Tosin Ajayi (11:04): But I'd definitely say a lot of my success in pre-sales has been due to a lot of what I've learned through education, but also through mentors. What's the right way to do things? Number one, being coachable, understand when something is not going well, being extremely adaptable, right? Say, "Okay, this is not working, how do I pivot? How do I change it? What can I do differently?" And so on. So, it's, you learn. There's a lot to be learned in pre-sales, my friend. I don't need to tell you that Mike, right? But you also have to have a preference with some of the things we do at pre-sales. And just one more thing, Mike, I know really great developers, right? And I actually think will be great in pre-sales, right? But just one thing is missing. They tell me, "I don't like talking to people." Right? And I say, "Well, you know what? Maybe the role is not for you then." Right?
Michael Lynn (11:51): That's a great answer. And I think some of the folks listening may be developers, maybe they're in a development position, and this might sound interesting to them and that may scare them away, the level of social interaction. And I just want to say in a public forum, that I'm not a hundred percent social. Some of this does not come naturally to me all the time. I feel like I go in and out of these phases where I'm really comfortable talking to people, really comfortable presenting. And then other times I just don't... It's not there. And those are the times I think I grow the most, when I force through that because I think, ultimately, I enjoy every aspect of the role. So let's get to L.J. Hayward's question. Go ahead, Nic.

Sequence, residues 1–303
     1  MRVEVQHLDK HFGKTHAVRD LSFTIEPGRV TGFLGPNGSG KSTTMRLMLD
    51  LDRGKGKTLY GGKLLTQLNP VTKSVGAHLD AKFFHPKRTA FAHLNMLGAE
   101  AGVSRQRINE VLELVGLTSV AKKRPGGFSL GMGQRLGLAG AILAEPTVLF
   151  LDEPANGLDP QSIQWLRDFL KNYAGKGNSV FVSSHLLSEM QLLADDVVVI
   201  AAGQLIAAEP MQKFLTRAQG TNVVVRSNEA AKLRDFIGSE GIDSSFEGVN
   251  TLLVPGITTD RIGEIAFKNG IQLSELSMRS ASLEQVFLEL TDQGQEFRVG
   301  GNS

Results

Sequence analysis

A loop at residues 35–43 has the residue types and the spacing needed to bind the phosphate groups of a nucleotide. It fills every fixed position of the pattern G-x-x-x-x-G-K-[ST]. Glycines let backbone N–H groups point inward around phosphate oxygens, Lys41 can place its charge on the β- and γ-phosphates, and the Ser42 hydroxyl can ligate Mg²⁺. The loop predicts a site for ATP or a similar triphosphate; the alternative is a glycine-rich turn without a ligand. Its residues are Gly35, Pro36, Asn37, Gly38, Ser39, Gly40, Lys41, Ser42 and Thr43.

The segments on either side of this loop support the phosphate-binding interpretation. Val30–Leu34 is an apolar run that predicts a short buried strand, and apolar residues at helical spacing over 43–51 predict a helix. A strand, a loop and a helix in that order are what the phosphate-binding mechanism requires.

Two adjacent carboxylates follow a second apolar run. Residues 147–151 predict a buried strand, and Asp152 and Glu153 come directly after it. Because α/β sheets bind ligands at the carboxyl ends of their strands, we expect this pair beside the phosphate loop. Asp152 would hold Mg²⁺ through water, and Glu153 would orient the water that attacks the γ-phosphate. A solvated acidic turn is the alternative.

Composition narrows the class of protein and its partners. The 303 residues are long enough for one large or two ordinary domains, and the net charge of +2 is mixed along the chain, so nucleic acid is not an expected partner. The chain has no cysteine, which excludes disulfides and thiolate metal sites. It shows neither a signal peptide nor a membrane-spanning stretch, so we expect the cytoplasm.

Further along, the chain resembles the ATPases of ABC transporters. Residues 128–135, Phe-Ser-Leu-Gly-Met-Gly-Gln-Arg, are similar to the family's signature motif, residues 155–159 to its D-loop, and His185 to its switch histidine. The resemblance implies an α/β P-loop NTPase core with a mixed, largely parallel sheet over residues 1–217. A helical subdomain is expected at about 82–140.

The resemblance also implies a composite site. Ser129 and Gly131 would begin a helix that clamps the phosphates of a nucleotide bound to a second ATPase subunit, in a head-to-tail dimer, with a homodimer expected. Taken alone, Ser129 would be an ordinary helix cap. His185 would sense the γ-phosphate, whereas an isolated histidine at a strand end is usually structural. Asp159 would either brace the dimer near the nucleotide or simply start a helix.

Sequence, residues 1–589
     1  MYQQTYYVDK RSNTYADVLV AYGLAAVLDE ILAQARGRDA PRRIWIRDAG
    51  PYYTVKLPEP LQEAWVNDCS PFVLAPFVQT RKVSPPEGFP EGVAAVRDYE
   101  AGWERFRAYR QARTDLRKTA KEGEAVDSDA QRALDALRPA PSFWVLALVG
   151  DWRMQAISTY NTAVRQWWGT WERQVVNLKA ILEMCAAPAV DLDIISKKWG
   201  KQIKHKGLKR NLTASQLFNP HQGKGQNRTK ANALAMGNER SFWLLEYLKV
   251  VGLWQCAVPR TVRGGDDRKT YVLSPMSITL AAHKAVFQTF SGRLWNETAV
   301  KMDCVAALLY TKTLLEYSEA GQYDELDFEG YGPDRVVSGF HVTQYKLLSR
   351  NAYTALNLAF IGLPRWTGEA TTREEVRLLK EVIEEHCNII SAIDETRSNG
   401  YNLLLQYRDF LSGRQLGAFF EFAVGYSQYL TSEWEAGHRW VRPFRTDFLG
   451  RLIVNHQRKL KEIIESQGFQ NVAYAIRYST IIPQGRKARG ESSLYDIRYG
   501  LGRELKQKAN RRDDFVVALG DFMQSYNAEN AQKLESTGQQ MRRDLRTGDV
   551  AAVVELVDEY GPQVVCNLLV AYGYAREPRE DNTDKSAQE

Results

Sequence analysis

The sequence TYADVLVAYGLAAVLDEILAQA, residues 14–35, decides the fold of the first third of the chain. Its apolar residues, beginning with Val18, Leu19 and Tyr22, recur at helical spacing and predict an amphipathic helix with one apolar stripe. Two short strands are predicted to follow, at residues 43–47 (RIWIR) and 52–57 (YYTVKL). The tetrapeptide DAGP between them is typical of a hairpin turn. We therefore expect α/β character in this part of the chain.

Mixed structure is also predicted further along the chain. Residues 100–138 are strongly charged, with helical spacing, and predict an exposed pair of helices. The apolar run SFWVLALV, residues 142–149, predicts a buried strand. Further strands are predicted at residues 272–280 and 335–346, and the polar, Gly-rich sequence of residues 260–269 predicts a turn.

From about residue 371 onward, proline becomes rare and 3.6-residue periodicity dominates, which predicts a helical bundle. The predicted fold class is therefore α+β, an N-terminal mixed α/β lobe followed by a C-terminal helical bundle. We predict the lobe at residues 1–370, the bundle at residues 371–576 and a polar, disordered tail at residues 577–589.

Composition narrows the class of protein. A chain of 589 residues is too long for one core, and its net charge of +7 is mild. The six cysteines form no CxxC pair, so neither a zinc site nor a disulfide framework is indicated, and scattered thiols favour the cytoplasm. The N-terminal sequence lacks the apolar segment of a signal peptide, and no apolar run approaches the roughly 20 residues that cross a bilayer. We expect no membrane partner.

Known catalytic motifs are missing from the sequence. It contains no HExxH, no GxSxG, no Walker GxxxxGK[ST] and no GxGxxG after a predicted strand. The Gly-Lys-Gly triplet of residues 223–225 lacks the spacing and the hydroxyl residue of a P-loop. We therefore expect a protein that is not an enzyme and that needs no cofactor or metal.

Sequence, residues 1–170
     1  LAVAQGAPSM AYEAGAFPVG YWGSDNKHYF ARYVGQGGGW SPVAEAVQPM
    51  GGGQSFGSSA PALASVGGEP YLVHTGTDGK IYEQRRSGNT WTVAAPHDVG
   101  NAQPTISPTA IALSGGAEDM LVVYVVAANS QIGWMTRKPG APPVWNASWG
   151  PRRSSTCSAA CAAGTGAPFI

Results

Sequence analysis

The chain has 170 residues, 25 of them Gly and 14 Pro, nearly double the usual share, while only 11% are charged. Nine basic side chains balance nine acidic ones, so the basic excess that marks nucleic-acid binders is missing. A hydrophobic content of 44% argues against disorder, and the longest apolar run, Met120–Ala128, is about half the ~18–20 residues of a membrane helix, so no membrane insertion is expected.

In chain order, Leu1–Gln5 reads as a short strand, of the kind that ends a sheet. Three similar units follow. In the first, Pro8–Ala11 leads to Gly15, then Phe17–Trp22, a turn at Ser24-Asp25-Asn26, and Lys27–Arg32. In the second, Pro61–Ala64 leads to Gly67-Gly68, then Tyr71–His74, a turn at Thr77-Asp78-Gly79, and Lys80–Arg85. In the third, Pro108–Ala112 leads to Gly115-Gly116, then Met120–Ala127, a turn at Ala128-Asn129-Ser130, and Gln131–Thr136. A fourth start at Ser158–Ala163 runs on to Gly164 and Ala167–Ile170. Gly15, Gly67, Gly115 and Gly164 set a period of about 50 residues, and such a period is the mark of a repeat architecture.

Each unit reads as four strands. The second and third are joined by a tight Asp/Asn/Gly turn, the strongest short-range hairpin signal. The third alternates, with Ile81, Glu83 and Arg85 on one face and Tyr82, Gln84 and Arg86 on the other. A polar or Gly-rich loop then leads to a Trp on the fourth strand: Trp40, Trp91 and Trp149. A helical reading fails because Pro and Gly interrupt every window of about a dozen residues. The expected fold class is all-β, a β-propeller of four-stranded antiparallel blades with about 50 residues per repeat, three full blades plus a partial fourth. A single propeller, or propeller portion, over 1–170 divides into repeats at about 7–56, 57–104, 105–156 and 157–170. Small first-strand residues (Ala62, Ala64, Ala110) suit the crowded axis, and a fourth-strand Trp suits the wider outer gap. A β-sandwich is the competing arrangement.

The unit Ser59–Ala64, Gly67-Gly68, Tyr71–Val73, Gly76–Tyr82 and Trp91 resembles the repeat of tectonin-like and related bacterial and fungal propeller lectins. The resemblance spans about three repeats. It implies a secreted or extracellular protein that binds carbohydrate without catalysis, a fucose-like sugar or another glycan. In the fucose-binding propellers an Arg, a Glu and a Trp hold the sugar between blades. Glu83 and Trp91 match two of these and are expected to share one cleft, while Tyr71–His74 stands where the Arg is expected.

Nic Raboy (12:37): Yeah. So this question is saying, "How do you ramp up and sound confident when you're an SA who's new to the product that you're ramping?"
Tosin Ajayi (12:46): Yeah, that's true. Yeah, so ramping is a huge part of what we do, at least a huge part of the process that I've put in place for my team. And one thing I always say is that there is being productive and then there is ramping. And there's a difference between both, right? Productivity is basically when I can operate in the role, to a certain degree of effectiveness, right? And I look at ramping, mean, I know what I need, I know everything, right? Or at least to some degree, I know more, right? And so I don't think people need to be fully ramped in everything before they can sound effective and be productive in a role. What I would say for sure is that number one, there should be a baseline of knowledge, right? Depending on the tool you're working on, whether it's MongoDB and the ecosystem, there's a fundamental baseline in what you need to know. Generally, your leaders should put that in place for you, based on the responses we've gotten from customers, the kind of issues and questions customer was raised in meetings and so on, right?